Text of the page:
The offensive play calling and game strategy from then on did not give Russell the best chance for success but even so he constantly seemed to have trouble executing the plays called. He was obviously struggling to find a middle ground between ball security and aggression.
Another factor was the running backs once again missed large chunks of games. Russell was the leading rusher in a full quarter of the games this season and in many others the defense knew they could key on him and not worry about the running game.
In summary, Russell’s year was exhilarating, frustrating and when times were both good and bad, it was far more difficult than it should have been.
The Seahawks have one of the biggest roster assets in the modern game — a franchise quarterback, locked into a contract and in his prime.
One of the strongest points of emphasis for this offseason needs to be, how does he fit this team? And if they deem he is still a fit, how do they assure his continued success?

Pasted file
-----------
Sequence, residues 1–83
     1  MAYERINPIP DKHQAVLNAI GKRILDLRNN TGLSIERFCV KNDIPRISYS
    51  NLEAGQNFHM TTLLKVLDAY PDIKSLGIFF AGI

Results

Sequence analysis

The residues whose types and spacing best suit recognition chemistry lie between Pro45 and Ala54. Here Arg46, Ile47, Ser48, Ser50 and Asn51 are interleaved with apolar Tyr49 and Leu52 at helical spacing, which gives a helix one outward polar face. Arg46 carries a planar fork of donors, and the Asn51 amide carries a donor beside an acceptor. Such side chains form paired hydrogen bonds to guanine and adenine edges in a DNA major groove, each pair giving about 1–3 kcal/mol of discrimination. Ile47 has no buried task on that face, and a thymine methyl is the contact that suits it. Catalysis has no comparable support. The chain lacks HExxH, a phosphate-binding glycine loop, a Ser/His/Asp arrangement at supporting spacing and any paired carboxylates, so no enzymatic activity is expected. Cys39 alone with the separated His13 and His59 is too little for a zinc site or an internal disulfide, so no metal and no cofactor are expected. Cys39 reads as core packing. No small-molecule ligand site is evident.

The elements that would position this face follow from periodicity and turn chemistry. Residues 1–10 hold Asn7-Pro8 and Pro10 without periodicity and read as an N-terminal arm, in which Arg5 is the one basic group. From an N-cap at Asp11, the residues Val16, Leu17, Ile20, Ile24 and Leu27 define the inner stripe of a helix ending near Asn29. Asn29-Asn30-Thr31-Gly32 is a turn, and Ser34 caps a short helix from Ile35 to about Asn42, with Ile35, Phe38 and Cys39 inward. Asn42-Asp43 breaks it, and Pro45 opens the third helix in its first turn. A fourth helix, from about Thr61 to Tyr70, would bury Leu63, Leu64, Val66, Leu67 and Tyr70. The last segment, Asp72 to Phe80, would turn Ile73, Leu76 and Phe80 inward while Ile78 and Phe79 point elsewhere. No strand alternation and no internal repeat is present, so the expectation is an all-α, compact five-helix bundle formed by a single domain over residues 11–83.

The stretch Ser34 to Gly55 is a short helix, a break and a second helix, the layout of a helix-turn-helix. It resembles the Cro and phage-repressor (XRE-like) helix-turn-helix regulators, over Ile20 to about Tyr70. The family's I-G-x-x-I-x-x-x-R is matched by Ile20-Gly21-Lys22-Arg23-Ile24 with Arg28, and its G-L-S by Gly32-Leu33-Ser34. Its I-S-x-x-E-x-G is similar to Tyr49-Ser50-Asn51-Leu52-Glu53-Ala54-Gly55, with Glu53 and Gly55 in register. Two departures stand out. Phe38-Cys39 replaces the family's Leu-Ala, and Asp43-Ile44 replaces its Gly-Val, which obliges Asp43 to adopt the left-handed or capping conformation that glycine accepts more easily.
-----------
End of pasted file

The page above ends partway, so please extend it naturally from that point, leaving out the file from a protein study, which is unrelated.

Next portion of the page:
Offseason Questions to Address
1. Can Pete Carroll and Russell Wilson get on the same page?
It was credibly reported that Russell made a near-ultimatum in the 2020 offseason to let him be more aggressive passing the ball early in the game. The Seahawks apparently heeded the request and the results were amazing to watch early on.
But as the season wore on, the team came back to the more conservative approach that Pete Carroll favors. Carroll then in his season ending press conference dropped two big pieces of information — that he had reined in the offense to limit turnovers and had no problem with low scoring wins. Then he stated his main offensive goal for 2021 was to run the ball more.
The next day Brian Schottenheimer and the Seahawks parted ways, citing ‘philosophical differences’.
It seems evident those differences were in play during the season and Russell was caught in the middle, trying to reconcile them in real time on the field. Absent a consistent running game and above-average pass protection, the results were a seriously mixed bag.
He was trying to run the offense, protect a porous defense and keep two coaches with unaligned principles unified. That is just too many fronts to be fighting a war on. His play evidenced a mental fatigue.
There must be a meeting of the minds some time this offseason. Can Russell and Pete find a middle ground in their choice of offensive coordinator? Can they agree on core concepts that can both inform their personnel choices and get the offense working properly?